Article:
In summary, the Bayesian analysis of the dipnoan specimens from the Ain el Guettar Formation does not support the faunal diversity reported by Fanti et al. (2016a). As stated above, Ferganoceratous is found to be outside the least inclusive clade containing all Tunisian specimens. Furthermore, none of the specimens sampled has been referred to Ceratodus (contra the results in Fanti et al., 2016a): the specimens referred by Fanti et al. (2016a) to that genus have been placed by the Bayesian analysis among the basalmost branch of the Asiatoceratodus lineage (Table 1). The Bayesian analysis confirms that Asiatoceratodus is the most abundant clade, being it found in all localities (Fanti et al., 2016a). The Equinoxiodus lineage is found in two localities (El Mra and Oum ed Diab). The Lavocatodus lineage is also recorded in two localities, respectively, at El Hmaima (where Equinoxiodus is not found) and Oum ed Diab. The Neoceratodus lineage is found at El Mra and Oum ed Diab. The 95% confidence ranges of the ages of the terminal tips from the four Tunisian localities inferred by the Bayesian analysis broadly overlap, a result that confirms the lateral equivalence among the series from the four localities (Fanti et al., 2016a). The RASP analysis was used to compare the richness of the fossil record from the El Mra locality relative to that from the Oum ed Diab locality, following the hypothesis that the sections exposed at the two localities were laterally equivalent (Fanti et al., 2016a). Focusing on the MCCT framework and the distribution of the specimens in the localities, the scenario resulted by the RASP analysis suggests that the dipnoan lineages sampled from the El Kambout, El Hmaima and Oum ed Diab localities descended from migration events originated from the El Mra locality. Apparently, the relationships among the sampled localities (i.e., El Mra resulting the ancestral locality for the Tunisian sample inferred by the RASP analysis) and the asymmetrical relationships in the polarity of the migration events among the four localities inferred by the RASP analysis of the MCCT topology (i.e., all migration events started from El Mra) challenge the hypothesis that these localities were laterally equivalent, and may indicate diachrony among these sections. The migration episodes inferred by the RASP analysis could be considered as spurious events, analytical artifacts due to poor sampling from the sections at the El Hmaima, El Kambout, and Oum ed Diab localities. Although artifacts in specimen collection and the non-homogeneous sampling among the localities may explain this pattern (in particular, about 74% of the whole sample was collected at the El Mra locality), the difference in the time-algorithm profiles of the two most sampled localities (Fig. 3A) may also be explained assuming that the stratigraphic sequence sampled at the Oum ed Diab locality is equivalent to only the upper part of the series that is more extensively recorded at El Mra. This alternative interpretation is confirmed by stratigraphic analyses at regional scale: although the El Mra and Oum ed Diab beds represent partially lateral equivalent deposits, the latter locality is representative only of the youngest history of the section (Fanti et al., 2016a and references therein). The lower beds of this unit (mostly recorded at El Mra) are interpreted as fluvial sand bars that deposited in a vast estuarine system, whereas the overlying deposits (recorded at Oum ed Diab) gradually shift to shoreface, tidal flat, and foreshore deposits.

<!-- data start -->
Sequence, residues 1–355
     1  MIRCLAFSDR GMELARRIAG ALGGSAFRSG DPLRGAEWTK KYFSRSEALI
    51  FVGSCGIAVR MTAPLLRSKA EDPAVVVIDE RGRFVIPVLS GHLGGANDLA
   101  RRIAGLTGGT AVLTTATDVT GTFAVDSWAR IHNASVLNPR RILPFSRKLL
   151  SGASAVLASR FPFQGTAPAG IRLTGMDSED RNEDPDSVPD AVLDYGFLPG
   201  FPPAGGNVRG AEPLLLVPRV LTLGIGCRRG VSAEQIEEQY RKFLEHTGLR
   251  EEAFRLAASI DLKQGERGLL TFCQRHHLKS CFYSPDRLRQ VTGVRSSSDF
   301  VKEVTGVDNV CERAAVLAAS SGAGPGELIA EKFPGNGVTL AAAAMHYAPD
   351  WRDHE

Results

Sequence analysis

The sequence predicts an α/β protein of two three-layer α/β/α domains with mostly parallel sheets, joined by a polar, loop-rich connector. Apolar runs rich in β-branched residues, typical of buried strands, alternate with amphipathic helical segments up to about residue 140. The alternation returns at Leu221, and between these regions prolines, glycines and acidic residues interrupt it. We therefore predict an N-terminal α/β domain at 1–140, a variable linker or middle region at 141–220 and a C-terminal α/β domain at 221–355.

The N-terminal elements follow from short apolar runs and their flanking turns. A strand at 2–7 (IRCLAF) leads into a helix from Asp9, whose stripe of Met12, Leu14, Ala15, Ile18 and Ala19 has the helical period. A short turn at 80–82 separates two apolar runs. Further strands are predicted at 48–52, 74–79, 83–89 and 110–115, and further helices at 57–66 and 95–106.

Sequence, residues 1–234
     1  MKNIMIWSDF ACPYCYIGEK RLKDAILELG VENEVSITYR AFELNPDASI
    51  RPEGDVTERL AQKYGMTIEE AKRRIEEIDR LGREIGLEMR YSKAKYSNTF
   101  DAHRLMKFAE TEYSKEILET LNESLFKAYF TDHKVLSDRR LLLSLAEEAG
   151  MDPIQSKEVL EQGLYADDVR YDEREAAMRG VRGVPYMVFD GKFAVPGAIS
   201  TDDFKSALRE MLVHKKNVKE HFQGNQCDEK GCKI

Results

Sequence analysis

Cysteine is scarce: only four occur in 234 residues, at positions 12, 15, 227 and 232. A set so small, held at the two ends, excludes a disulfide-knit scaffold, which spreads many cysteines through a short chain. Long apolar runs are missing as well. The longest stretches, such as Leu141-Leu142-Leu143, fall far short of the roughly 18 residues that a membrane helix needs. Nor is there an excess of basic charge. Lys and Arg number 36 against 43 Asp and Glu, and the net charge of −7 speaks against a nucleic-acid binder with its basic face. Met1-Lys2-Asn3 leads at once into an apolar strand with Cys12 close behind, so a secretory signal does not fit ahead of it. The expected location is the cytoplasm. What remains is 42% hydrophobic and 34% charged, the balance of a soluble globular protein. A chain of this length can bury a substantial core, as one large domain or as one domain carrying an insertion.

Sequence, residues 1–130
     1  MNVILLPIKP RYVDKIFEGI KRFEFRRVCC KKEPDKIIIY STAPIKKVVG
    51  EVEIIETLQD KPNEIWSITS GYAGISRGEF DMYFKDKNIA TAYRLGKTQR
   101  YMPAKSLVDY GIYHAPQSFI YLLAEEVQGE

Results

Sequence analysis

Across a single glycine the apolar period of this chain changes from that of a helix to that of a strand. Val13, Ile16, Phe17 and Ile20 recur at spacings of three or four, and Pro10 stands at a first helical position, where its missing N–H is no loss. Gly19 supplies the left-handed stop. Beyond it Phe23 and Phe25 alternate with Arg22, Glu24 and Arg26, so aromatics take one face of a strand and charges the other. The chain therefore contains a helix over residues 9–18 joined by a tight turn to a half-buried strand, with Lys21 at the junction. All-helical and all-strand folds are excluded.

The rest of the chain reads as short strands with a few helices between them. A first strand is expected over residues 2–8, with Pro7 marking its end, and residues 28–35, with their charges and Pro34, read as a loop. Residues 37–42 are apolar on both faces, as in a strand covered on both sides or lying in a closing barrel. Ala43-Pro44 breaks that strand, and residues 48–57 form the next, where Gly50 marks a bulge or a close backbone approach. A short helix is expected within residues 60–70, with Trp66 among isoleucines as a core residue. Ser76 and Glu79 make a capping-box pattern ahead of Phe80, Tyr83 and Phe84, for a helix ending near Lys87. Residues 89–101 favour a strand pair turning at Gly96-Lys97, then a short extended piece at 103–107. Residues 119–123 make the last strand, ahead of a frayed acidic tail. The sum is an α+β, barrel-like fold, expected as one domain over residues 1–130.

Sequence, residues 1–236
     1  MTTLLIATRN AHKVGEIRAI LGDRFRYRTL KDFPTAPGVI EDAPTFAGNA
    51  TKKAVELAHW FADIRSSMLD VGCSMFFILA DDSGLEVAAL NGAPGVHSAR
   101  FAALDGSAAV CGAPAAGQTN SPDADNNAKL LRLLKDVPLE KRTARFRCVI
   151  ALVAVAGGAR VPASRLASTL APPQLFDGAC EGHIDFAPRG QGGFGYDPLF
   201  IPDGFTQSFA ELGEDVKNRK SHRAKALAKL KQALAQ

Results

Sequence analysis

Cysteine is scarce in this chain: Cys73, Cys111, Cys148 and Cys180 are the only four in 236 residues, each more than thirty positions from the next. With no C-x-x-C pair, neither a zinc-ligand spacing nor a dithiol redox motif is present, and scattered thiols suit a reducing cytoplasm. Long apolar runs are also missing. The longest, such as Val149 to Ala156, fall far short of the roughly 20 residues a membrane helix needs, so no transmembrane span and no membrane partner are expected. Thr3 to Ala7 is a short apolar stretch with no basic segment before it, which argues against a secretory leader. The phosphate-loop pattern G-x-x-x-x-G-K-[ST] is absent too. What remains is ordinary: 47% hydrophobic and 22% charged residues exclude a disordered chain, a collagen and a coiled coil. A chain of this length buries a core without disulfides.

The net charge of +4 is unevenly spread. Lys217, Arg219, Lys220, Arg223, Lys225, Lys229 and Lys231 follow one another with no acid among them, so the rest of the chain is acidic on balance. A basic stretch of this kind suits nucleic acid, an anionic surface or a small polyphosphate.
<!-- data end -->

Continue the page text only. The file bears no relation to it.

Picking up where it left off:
In this study, the FBD model with sampled ancestors (Gavryushkina et al., 2016) has been applied for the first time to a set of exclusively extinct taxa sampled at the specimen level (thus, avoiding a priori assumptions on species-level definitions, diagnosis and inclusiveness). One advantage of the FBD model relative to previously developed models for phylogenetic inference is that it allows to test ancestor-descendant relationships among a sample of fossils. The failed recognition of ancestors among a sample of taxonomic units may lead to the inference of spurious cladogenetic events, and to overestimation of the number of co-existing lineages along a particular time interval. Furthermore, over-estimation of cladogenetic events significantly bias the parameter estimation at branches, in particular the estimation of lineage extent and duration (Gavryushkina et al., 2014; Gavryushkina et al., 2016).